Regional Deep Lube goes international

A small Ontario company is poised to break into the international marketplace with a product it believes will snap at the heels of the category leader by the end of the year.National distribution will put penetrating lubricant Deep Lube into the...

A small Ontario company is poised to break into the international marketplace with a product it believes will snap at the heels of the category leader by the end of the year.

National distribution will put penetrating lubricant Deep Lube into the arena with the undisputed leader in the category WD-40 from Toronto-based WD-40 Products.

WD-40 dominates a Canadian market estimated at between $16 million and $20 million.

Henry Heidebrecht, owner of Deep Lube, a company located in the southwestern Ontario town of Virgil, says while he has been successful in selling Deep Lube penetrating lubricant regionally over the past four years, recent national and international distribution deals will now propel the product into the mass market.

Wider distribution will be supported by a campaign of 30-second and 60-second tv commercials for Deep Lube beginning mid-March on nine stations across Canada.

Marquis Marketing, of Waterloo, Ont., created the advertising and is also behind bringing Deep Lube to the attention of major retail and distribution chains through product placement followed up by market test results.

As a result, Home Hardware has listed Deep Lube and now is pushing the product to nearly 1,000 dealers across Canada.

Deep Lube is also signing a deal with another national chain, an agreement that would see Deep Lube sold in 1,500 locations nationwide, and it will reach other retailers through a range of newly signed consumer, automotive and agricultural distribution companies.

Heidebrecht is also negotiating with interested distributors in South Korea, Hong Kong, China, the u.k., and has already shipped Deep Lube to Germany.

Closer to home, within the next three months, Deep Lube will be pushing into the u.s. market, which spends a whopping $100 million a year on penetrating lubricants.

The market for penetrating lubricants is not limited to consumers. It has several uses in the building trades, the automotive industry and in other fields using heavy machinery.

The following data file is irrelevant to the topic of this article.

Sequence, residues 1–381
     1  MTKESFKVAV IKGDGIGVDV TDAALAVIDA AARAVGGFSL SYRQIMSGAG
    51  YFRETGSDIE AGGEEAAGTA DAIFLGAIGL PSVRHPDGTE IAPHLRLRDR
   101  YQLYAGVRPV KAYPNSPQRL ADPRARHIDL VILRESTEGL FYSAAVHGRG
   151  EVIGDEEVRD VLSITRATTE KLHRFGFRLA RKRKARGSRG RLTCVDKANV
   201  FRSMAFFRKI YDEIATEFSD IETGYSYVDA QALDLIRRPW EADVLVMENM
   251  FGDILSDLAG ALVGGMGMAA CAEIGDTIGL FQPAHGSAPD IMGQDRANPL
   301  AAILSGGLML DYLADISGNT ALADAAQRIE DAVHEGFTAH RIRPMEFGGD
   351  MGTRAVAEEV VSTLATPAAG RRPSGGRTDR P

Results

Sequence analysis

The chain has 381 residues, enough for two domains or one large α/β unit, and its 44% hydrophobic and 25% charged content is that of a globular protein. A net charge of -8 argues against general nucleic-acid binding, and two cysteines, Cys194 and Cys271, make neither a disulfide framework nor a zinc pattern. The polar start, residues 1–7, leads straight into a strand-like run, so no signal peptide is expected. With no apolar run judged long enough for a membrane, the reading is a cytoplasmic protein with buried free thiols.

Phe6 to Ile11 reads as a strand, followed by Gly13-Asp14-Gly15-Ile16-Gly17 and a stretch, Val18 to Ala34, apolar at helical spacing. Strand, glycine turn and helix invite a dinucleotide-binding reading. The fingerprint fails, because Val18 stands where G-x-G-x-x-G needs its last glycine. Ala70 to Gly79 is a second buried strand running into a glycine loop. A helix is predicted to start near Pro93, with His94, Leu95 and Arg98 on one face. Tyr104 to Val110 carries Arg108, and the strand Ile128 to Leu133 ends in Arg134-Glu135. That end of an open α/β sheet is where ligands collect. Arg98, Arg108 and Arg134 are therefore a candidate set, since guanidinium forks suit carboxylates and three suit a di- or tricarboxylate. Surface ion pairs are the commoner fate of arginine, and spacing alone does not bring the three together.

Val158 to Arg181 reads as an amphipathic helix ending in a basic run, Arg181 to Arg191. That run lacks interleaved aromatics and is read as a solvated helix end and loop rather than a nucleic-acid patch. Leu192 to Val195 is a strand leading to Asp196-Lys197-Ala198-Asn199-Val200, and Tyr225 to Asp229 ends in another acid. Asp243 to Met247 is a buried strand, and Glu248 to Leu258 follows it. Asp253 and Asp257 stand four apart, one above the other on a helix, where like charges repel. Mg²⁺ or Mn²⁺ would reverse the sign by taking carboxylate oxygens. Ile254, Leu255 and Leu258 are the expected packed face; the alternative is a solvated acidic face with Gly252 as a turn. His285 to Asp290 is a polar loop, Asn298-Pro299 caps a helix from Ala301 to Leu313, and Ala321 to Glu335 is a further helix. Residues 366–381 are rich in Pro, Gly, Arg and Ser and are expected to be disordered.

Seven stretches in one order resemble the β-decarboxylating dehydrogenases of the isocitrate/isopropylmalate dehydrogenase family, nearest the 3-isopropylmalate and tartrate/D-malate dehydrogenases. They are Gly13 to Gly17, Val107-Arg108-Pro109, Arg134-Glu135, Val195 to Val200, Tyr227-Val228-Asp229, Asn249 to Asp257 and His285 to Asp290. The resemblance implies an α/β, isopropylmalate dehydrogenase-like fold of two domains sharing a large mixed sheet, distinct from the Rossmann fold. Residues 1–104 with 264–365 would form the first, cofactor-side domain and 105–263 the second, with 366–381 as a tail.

A penetrating lubricant, employed for home use with a drinking straw-like applicator and a spray can, infiltrates, loosens and cleans rusted metal, protects metal and displaces moisture in wet engines.

Heidebrecht says some electricians even apply Deep Lube to outdoor light sockets, with the power off, to keep lightbulbs from rusting inside.

Not all penetrating lubricants are created equal.

WD-40 is mostly kerosene, with a bit of oil and other additives, while other competitors contain kerosene and graphite, or have an expensive Teflon base.

Heidebrecht says WD-40 is most like Deep Lube in makeup, but has a smaller oil component than Deep Lube, so the lubricating protection can dry up over time.

He says that not only is Deep Lube more effective and less expensive than WD-40, it is cleaner, purer, has a pleasant scent and will not stick to painted metal surfaces.

Deep Lube is produced and packaged in Venezuela.

When Heidebrecht decided the world needed a better WD-40, he went to a lab in Venezuela with his specifications that included the use of molybdenum disulphide, a mineral that acts as a friction fighter and will only bond to unpainted metal surfaces and will not stick to paint, hands, furniture or clothes.

Heidebrecht came up with his idea for Deep Lube after many years in the construction industry.

He has other ideas for new and better products that he plans to develop after Deep Lube is properly on its way.